This is how astronomers identified Cygnus X-1 in 1971. Cygnus X-1 was found as part of a binary star system in which an extremely hot and bright star called a blue supergiant formed an accretion disk around an invisible object. The binary star system was emitting X-rays, which are not usually produced by blue supergiants. By calculating how far and fast the visible star was moving, astronomers were able to calculate the mass of the unseen object. Although it was compressed into a volume smaller than the Earth, the object’s mass was more than six times as heavy as our sun.

    Several different experiments study black holes. The Event Horizon Telescope [EHT] will look at black holes in the nucleus of our galaxy and a nearby galaxy, M87. Its resolution is high enough to image flowing gas around the event horizon.

    Event Horizon Telescope map

    Scientists can also do reverberation mapping, which uses X-ray telescopes to look for time differences between emissions from various locations near the black hole to understand the orbits of gas and photons around the black hole.

    The Laser Interferometer Gravitational-Wave Observatory, or LIGO, seeks to identify the merger of two black holes, which would emit gravitational radiation, or gravitational waves, as the two black holes merge.

    Caltech Ligo
    MIT/Caltech Advanced LIGO

    In addition to accretion disks, black holes also have winds and incredibly bright jets erupting from them along their rotation axis, shooting out matter and radiation at nearly the speed of light. Scientists are still working to understand how these jets form.

    What we don’t know

    Scientists have learned that black holes are not as black as they once thought them to be. Some information might escape them. In 1974, Stephen Hawking published results that showed that black holes should radiate energy, or Hawking radiation.

    Matter-antimatter pairs are constantly being produced throughout the universe, even outside the event horizon of a black hole. Quantum theory predicts that one particle might be dragged in before the pair has a chance to annihilate, and the other might escape in the form of Hawking radiation. This contradicts the picture general relativity paints of a black hole from which nothing can escape.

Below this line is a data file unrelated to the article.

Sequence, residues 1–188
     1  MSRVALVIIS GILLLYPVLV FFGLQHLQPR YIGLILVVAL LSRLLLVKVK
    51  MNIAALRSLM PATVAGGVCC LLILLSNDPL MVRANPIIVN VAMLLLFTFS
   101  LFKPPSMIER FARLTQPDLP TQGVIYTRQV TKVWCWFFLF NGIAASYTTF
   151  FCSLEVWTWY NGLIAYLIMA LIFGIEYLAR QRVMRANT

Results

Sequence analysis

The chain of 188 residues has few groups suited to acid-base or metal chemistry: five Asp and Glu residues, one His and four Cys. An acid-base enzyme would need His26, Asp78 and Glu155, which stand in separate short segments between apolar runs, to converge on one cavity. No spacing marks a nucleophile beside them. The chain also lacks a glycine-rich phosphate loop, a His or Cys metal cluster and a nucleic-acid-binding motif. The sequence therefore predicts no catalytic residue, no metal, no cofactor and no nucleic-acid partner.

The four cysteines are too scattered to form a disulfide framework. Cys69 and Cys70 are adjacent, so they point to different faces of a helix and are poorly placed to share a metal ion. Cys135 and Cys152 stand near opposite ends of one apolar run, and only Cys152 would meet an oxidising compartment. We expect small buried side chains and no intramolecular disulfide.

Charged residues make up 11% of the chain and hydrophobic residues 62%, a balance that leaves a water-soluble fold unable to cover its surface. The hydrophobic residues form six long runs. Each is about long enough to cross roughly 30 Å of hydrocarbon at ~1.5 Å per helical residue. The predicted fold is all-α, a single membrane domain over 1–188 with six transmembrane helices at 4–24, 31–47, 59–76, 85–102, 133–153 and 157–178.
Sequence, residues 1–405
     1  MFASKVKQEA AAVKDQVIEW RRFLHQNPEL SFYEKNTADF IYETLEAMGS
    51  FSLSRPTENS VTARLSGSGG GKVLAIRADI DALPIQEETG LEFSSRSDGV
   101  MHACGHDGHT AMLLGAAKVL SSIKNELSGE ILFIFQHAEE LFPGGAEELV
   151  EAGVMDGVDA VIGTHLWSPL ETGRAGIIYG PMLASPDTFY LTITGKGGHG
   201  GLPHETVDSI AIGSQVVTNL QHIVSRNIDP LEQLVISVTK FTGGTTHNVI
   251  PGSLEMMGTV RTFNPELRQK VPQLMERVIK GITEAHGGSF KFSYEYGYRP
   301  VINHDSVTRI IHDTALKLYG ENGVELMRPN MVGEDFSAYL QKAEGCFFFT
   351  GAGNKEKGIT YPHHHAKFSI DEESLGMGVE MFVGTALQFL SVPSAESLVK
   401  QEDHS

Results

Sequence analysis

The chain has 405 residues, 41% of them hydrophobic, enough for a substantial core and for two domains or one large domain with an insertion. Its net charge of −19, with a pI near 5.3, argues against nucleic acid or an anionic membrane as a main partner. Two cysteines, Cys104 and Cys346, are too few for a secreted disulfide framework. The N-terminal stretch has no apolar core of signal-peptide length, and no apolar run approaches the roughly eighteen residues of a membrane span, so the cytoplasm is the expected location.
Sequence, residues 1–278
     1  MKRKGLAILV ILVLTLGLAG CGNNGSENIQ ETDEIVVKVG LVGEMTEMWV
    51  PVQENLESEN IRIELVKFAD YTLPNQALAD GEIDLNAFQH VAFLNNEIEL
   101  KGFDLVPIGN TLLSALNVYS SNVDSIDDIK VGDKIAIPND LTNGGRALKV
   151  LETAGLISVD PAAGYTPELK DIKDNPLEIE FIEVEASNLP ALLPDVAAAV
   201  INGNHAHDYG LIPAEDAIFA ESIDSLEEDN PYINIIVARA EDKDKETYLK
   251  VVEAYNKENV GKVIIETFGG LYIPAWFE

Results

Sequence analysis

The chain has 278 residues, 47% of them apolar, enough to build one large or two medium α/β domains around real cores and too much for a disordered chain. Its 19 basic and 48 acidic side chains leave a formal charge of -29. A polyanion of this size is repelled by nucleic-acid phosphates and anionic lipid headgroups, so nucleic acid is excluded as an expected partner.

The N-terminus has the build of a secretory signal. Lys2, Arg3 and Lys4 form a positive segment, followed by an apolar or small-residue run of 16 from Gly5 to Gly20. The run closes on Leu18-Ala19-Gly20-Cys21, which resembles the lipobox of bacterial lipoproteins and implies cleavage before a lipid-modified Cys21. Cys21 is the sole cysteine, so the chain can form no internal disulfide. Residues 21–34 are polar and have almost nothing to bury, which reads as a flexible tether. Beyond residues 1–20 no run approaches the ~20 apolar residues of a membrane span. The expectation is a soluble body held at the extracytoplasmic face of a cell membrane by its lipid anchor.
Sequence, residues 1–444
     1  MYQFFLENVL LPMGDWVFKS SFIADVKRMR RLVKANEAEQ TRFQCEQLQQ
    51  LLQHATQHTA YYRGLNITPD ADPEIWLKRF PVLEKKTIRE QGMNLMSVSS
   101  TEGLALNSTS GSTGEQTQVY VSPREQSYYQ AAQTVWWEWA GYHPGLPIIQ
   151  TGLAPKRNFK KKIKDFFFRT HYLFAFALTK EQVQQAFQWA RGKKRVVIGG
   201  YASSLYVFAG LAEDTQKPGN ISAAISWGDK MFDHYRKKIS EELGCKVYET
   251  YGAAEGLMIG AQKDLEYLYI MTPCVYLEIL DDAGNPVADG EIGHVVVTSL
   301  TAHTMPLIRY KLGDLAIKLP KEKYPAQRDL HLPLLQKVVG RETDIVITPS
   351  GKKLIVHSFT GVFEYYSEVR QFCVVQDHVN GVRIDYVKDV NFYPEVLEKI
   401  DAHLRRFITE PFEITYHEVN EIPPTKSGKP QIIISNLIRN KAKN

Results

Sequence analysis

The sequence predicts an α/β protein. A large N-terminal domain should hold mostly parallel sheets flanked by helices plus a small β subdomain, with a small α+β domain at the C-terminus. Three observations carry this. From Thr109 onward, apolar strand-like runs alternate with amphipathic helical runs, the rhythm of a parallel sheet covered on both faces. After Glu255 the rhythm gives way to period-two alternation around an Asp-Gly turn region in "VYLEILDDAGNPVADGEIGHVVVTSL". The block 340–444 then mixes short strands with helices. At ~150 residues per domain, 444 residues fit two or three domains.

But as a black hole radiates Hawking radiation, it slowly evaporates until it eventually vanishes. So what happens to all the information encoded on its horizon? Does it disappear, which would violate quantum mechanics? Or is it preserved, as quantum mechanics would predict? One theory is that the Hawking radiation contains all of that information. When the black hole evaporates and disappears, it has already preserved the information of everything that fell into it, radiating it out into the universe.

    Black holes give scientists an opportunity to test general relativity in very extreme gravitational fields. They see black holes as an opportunity to answer one of the biggest questions in particle physics theory: Why can’t we square quantum mechanics with general relativity?

    Beyond the event horizon, black holes curve into one of the darkest mysteries in physics. Scientists can’t explain what happens when objects cross the event horizon and spiral towards the singularity. General relativity and quantum mechanics collide and Einstein’s equations explode into infinities. Black holes might even house gateways to other universes called wormholes and violent fountains of energy and matter called white holes, though it seems very unlikely that nature would allow these structures to exist.

    Sometimes reality is stranger than fiction.

    See the full article here .

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    Symmetry is a joint Fermilab/SLAC publication.

  • richardmitnick 2:30 pm on January 5, 2016 Permalink | Reply
    Tags: , , , Symmetry Magazine   

    From Symmetry: “The booming science of dwarf galaxies” 


    Manuel Gnida

    Dragonfly Telephoto Array Discovers Seven Dwarf Galaxies around Messier 101

    U Toronto Dunlap Dragonfly telescope Array